LilyPond is a music engraving program based on plain text. It produces beautiful note sheets like, e.g., the following:
(Source: Mutopia Project)
LilyPond supports SVG output natively:
lilypond -dbackend=svg sheet.ly
# will produce a file sheet.svg
However, the canvas of this file will be much larger than it needs to be. A quick postprocessing step using Inkscape’s command line interface can get rid of that excess space, though.
And while we’re at it, we’ll also throw in SVGO for good measure to minify the result at the same time:
BASE="$(basename "$1" .ly)"
lilypond --silent -dno-point-and-click -dbackend=svg --output=tmp1"$BASE" "$1"
inkscape -z --export-area-drawing --export-plain-svg=tmp2"$BASE".svg tmp1"$BASE".svg
svgo --quiet -o "$BASE.svg" tmp2"$BASE".svg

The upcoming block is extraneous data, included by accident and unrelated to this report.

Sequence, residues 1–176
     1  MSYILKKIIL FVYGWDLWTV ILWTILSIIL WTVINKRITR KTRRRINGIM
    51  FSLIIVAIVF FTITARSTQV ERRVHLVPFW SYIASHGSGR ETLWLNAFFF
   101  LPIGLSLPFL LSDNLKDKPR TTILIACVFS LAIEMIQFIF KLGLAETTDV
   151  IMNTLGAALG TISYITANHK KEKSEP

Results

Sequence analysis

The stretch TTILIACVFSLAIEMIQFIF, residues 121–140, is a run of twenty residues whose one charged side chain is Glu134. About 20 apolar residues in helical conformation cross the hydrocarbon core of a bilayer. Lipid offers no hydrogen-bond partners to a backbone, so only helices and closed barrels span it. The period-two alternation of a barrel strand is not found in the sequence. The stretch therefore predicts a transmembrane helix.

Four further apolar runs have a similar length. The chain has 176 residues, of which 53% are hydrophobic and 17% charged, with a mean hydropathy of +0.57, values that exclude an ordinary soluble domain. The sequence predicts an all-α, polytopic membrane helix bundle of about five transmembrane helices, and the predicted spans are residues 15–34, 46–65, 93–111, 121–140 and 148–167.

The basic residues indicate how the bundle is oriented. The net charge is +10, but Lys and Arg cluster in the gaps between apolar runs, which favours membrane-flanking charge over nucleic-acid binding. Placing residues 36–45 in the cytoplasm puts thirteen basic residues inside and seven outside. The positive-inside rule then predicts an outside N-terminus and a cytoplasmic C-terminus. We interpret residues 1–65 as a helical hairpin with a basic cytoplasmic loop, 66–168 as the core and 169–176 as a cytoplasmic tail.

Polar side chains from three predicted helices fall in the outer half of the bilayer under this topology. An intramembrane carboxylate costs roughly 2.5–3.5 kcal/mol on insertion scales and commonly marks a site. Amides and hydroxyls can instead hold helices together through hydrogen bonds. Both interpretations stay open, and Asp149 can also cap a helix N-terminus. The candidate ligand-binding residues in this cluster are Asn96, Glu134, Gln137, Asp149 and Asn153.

The parameters explained:
lilypond -dno-point-and-click: This removes the links, that LilyPond automatically adds to the SVG, that link back to the
.lyfile. It’s a nice feature, but can be dangerous in production, since it may give away your local machine’s path layout. The LilyPond docs themselves suggest to switch it off.
lilypond -dbackend=svg: enables SVG output. The docs say, that
lilypond --format=svgshould work as well, but I wasn’t able to make that work.
inkscape -z: run in CLI mode, without graphical window.
inkscape --export-area-drawing: clip the image to only the visible parts.
inkscape --export-plain-svg=filename: export to an SVG file without Inkscape-specific extensions.
In the last line of the function, we remove all temporary files again with the
Bash globbing character
that matches exactly one character.
The result is a perfectly cropped and minified file named